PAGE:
Separating Conflict from Combat: Listening to Understand
In Part 1, we looked at different perceptions of conflict, and how people’s different levels of tolerance for conflict-based anxiety can have a huge impact on how they respond to it. Today, let’s look at key steps to take to approach the issue in conflict collaboratively and constructively, so that conflict doesn’t have to lead to combat.
Remember that the conflict intensity continuum looks like this:
The rule of thumb is that in order to keep conflict at the level of civil discussion, everyone has to feel safe, trusting that they will not be punished for honesty, and that their message will be heard. The further to the left of the continuum you can stay, the less anxiety and greater the feeling of safety both people will feel.
Here are four steps to take to keep your conversation as far to the left as possible, and ensure mutually respectful discussion and positive outcome.
Step 1: Listen to Understand
The biggest mistake people make when they disagree with someone is to focus on proving that they are right, or “winning.” As a result, when they listen what they’re really doing is listening for a place to interrupt. And when both people take this approach, tension escalates because both are thinking, “You’re not listening to me!”
Rather than assuming that you already know what they’re going to say and why, try going into it with the assumption that you’re missing some crucial piece of information that would explain their motivations, intentions and actions. Then stop talking and truly listen, asking minimal questions only to clarify something you don’t understand, not to contradict, in search of that missing piece.
Step 2: Take Notes
Part of why listening to understand is difficult is because as you listen, you think of comments you want to make, questions you want to ask, or points of theirs that you want to correct, and you don’t want to forget them.
The simple solution is to literally take notes – not transcription – of any important point you want to remember to address later, then hold your tongue and keep listening. There’s a good chance that the other person will eventually answer your questions before you even ask, and clarify other points as well.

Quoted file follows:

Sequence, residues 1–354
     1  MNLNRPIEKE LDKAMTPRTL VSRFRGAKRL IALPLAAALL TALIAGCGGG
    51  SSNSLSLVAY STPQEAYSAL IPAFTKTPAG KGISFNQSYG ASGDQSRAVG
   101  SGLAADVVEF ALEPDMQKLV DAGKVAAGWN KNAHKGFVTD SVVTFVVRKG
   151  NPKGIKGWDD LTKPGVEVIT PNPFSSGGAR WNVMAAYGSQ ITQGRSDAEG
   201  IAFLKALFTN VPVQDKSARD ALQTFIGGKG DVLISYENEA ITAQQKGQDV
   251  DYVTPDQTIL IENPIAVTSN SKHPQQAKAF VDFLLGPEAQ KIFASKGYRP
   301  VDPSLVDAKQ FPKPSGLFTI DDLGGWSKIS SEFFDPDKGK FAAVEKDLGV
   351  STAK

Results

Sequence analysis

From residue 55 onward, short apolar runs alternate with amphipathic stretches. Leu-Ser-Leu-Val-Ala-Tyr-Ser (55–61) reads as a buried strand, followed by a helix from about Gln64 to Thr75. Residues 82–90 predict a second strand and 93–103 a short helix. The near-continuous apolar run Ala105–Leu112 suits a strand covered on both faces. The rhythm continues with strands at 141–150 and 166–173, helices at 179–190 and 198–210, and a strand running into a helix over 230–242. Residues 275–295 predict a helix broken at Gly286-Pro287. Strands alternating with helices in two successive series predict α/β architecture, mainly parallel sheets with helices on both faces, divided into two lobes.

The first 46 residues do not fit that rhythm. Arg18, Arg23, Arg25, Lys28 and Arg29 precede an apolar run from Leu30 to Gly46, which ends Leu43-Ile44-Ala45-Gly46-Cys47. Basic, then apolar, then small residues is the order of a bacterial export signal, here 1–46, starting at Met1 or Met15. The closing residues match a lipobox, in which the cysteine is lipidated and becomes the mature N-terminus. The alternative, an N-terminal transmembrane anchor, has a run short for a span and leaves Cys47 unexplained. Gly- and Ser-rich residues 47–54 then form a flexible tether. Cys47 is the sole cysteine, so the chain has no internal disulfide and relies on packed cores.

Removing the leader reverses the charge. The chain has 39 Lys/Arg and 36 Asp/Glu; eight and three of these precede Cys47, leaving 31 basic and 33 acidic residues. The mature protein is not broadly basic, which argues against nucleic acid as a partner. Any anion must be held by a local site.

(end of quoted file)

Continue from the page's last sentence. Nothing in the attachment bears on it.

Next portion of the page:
Then, when they are done explaining their side, confirm what you think they said. Do NOT comment on anything at this point. If they said that the moon is made of cheese, all you report back to them is, “You said that the moon is made of cheese, right?” Be careful to avoid any eye-roll, sneer, or exasperated tone of voice. Then let them correct anything as necessary, whether something they realize they said wrong, or something you misunderstood.
Nobody likes to be interrupted, so when you allow them to speak and get their whole point across to their own satisfaction, and confirm that you have heard what they said, they feel respected and satisfied that they have expressed themselves fully and been heard. This builds trust and promotes civil exchange.
Step 3: Help THEM Listen to Understand
Now it’s your turn to provide whatever information you still want to share. Request explicitly that they hold any questions or comments until you finished, as you did for them, and offer them paper to take any notes they want so they don’t forget what they wanted to say.
Do your best to be objective, diplomatic and not emotional as you make your points. Then ask them first to confirm what they understood your main points to be, clarifying as necessary.
Step 4: Seek Solutions Together
Once you have each shared your sides and shown the other person that you truly did hear and understand what they said, then you can collaboratively and safely work to find solutions that meet everyone’s needs, while respecting and preserving the value of the relationship.